Joyce discusses struggles with jobs

HOLLIDAYSBURG — Between work sessions in Washington, D.C., freshman U.S. Congressman John Joyce, R-13th District, said he has been meeting farmers, business owners and educators in counties including Blair.

As a member of the House Committee on Small Business, Joyce is spending the week in the 13th District, meeting with job creators and highlighting the need to make the tax reductions from the 2017 Tax Cuts and Jobs Act permanent for individuals and small companies.

His goals for helping the economy in the 13th District also include helping farmers, who he said are overregulated by the government.

Joyce spoke with 14 Blair County business and education leaders Wednesday at the Blair County Chamber of Commerce’s executive roundtable breakfast at the Blairmont Club.

As a physician with a business in Altoona, Joyce said he understands the challenges that job creators in the region face.

“Many of your struggles have been my struggles as well,” he said.

“Washington may be new to me, but my knowledge of the business climate in our region and your unique needs as job creators are not,” he said.

Leaders of Sheetz and McLanahan Corp. were among those on hand for Joyce’s presentation during which he cited statistics for growth in the past couple of years — unemployment has decreased in Blair County since 2017, when tax cuts were enacted, he said.

However, although the 2017 law slashed the corporate tax rate permanently from 35 percent to 21 percent, its tax cuts for individuals and the millions of U.S. pass-through businesses expire in eight years.

The pass-through businesses funnel their income to owners and other individuals, who then pay personal income tax on those earnings, not the corporate rate, Joyce said. He plans to co-sponsor new legislation that will make the cuts for individuals and pass-through businesses permanent, he said.

“When I get back to Washington next week, I plan on co-sponsoring H.R. 22 — a bill to make sure the tax cuts for individuals and small businesses stay for good — just like the corporate tax cuts,” Joyce said.

Making sure those tax cuts remain is essential, he added.

“First off, think of the certainty that will allow many of you as you seek to grow and expand your businesses to hire more workers,” he said. “As someone who has had to engage in long-term planning for a small business, I know how important this legislation would be for your peace of mind and your decisions down the road — that’s why we cannot wait and must pass H.R. 22 now for it to have the maximum benefit.”

He said it is also a fairness issue.

“Why in the world would we want to cut taxes for large corporations, but not make sure many of you who operate on main street reap the same rewards?” he asked.

Blair County Chamber of Commerce President and CEO Joe Hurd said he was glad to hear Joyce’s support for making the tax cuts permanent.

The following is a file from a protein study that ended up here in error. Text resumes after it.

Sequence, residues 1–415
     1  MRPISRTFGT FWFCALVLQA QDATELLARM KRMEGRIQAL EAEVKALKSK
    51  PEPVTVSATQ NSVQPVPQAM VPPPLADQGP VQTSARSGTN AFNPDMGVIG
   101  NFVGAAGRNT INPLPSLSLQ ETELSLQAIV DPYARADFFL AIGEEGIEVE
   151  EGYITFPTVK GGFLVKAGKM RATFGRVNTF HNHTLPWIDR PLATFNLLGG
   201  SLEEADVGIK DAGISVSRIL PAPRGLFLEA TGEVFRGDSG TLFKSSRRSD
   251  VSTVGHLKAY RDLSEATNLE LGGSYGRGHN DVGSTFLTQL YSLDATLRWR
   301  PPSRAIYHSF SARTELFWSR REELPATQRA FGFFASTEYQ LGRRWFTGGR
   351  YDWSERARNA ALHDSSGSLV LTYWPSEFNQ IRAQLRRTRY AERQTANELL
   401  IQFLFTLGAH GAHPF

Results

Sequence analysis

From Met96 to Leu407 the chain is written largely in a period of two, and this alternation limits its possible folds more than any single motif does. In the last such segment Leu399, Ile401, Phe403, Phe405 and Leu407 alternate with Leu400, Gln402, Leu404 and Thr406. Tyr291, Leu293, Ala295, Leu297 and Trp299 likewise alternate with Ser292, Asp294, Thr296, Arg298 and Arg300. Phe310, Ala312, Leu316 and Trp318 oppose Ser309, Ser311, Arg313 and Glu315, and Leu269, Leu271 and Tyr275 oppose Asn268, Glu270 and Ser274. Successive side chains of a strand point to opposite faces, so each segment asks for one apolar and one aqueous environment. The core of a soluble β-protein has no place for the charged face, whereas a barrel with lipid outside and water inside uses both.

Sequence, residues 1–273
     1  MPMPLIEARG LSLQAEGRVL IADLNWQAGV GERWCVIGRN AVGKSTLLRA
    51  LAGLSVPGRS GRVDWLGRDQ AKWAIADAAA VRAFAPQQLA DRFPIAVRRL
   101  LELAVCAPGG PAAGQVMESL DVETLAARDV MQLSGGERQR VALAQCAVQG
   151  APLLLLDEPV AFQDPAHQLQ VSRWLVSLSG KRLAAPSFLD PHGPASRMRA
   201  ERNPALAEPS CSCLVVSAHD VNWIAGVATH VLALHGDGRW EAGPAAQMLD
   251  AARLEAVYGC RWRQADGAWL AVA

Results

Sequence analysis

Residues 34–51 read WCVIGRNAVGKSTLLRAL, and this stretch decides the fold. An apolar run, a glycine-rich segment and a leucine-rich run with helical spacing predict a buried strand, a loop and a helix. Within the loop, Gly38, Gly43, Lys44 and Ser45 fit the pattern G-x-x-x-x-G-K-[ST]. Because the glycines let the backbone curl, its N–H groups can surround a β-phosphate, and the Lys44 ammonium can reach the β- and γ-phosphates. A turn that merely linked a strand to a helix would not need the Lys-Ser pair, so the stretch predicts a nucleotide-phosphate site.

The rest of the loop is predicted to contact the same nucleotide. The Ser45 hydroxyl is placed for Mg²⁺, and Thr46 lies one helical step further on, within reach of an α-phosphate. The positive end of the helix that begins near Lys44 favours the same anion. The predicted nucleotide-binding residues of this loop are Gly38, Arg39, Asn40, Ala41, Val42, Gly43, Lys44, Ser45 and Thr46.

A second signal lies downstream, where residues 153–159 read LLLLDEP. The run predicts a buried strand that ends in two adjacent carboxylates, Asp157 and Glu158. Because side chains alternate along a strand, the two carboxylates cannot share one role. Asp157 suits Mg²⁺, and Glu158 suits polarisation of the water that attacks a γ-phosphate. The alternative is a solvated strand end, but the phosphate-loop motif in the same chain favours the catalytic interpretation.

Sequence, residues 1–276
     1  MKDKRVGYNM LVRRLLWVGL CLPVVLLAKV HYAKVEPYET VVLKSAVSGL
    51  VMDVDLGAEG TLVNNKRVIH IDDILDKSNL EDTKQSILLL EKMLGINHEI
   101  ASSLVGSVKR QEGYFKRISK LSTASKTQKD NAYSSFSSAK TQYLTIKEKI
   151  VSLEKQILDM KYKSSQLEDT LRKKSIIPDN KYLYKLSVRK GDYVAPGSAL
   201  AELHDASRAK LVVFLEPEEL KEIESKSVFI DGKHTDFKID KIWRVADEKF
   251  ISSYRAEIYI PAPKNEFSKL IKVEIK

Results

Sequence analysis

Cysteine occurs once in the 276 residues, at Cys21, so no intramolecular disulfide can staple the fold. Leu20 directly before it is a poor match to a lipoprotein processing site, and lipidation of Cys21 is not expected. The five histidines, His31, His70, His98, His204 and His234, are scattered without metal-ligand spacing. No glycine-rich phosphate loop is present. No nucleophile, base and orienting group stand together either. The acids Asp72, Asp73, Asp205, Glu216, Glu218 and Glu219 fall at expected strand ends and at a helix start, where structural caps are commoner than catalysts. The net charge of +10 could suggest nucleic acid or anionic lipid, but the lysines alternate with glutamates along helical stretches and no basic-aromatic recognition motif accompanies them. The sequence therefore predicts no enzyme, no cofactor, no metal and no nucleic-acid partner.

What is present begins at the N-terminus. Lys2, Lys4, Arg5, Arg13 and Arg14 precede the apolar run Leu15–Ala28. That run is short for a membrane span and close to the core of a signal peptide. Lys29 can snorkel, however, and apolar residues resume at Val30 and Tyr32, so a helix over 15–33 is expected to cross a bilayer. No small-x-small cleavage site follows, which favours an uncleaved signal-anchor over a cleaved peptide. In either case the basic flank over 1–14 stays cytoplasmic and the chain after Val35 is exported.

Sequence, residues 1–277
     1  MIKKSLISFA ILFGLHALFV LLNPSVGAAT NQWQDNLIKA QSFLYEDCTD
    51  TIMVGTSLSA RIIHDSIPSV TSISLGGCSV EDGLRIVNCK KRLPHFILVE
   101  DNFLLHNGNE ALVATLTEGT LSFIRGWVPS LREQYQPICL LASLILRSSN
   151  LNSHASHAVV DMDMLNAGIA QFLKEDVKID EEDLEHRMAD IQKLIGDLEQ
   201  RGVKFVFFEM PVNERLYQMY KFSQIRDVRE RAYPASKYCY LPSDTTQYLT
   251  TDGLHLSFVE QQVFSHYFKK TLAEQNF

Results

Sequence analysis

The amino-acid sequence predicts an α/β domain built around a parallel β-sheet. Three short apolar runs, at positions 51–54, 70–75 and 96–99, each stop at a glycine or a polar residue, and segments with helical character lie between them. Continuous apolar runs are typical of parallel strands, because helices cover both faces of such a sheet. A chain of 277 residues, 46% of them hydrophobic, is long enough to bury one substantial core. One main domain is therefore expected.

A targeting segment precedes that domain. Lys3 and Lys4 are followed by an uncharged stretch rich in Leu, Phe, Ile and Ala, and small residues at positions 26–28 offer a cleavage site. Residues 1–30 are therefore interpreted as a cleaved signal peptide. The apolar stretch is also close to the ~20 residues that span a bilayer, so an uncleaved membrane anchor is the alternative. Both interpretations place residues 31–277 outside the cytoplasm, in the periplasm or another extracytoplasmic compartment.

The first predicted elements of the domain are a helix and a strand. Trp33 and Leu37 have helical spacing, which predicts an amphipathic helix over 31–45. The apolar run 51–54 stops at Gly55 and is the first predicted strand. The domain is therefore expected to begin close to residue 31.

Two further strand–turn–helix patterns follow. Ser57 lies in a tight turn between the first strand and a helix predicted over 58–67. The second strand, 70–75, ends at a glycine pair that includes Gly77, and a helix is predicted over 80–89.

“I think that is a tremendous idea — 85 percent of our chamber membership is small businesses,” Hurd said. “His comment about doing what he can to help small businesses from the tax perspective is music to our ears.”

Joyce added that passing the change through Congress is a bipartisan cause.

“It will be a relatively easy sell in the House,” he claimed, and urged the leaders at the table to contact senators Bob Casey and Pat Toomey for support to get it through the Senate as well.

“It will be a crowning achievement if it can be done before summer,” he said.

In addition, Joyce said it is hard to overstate how many business owners come to his office to talk about the need to continue with regulatory reform.

“The group I hear from the most on this topic are farmers, and as the recently appointed ranking member on the Small Business Subcommittee on Rural Develo­pment, Agri­culture, Trade and Entrep­reneurship, I will be spending a lot of time on making sure they see relief,” he said.

He said business owners and farmers would benefit greatly from the State Trade Expansion Program.

“There are millions of dollars in STEP grants that are underutilized,” he said.

The grants enable entrepreneurs to increase their exports.

“There is a lot of red tape discouraging business owners like you from taking advantage of the STEP program, and I will be working with my colleagues on both sides of the aisle to change that in the coming weeks,” he said.

“If this program functions like it should, it can help many of you increase your exports and benefit your overall operations.”

Joyce also said he was reaching across the aisle to work with a Democrat from New York to co-sponsor legislation that would extend H2A visas for temporary immigrant workers from Mexico who work on dairy farms in the region.

Although the discussion was not about health care, he spoke briefly about the subject before breakfast ended.

“I am incredibly interested in finding ways we can lower the costs of and provide more access to quality health care. That is the main reason I ran for office,” he said.

Mirror Staff Writer Russ O’Reilly is at 946-7435.

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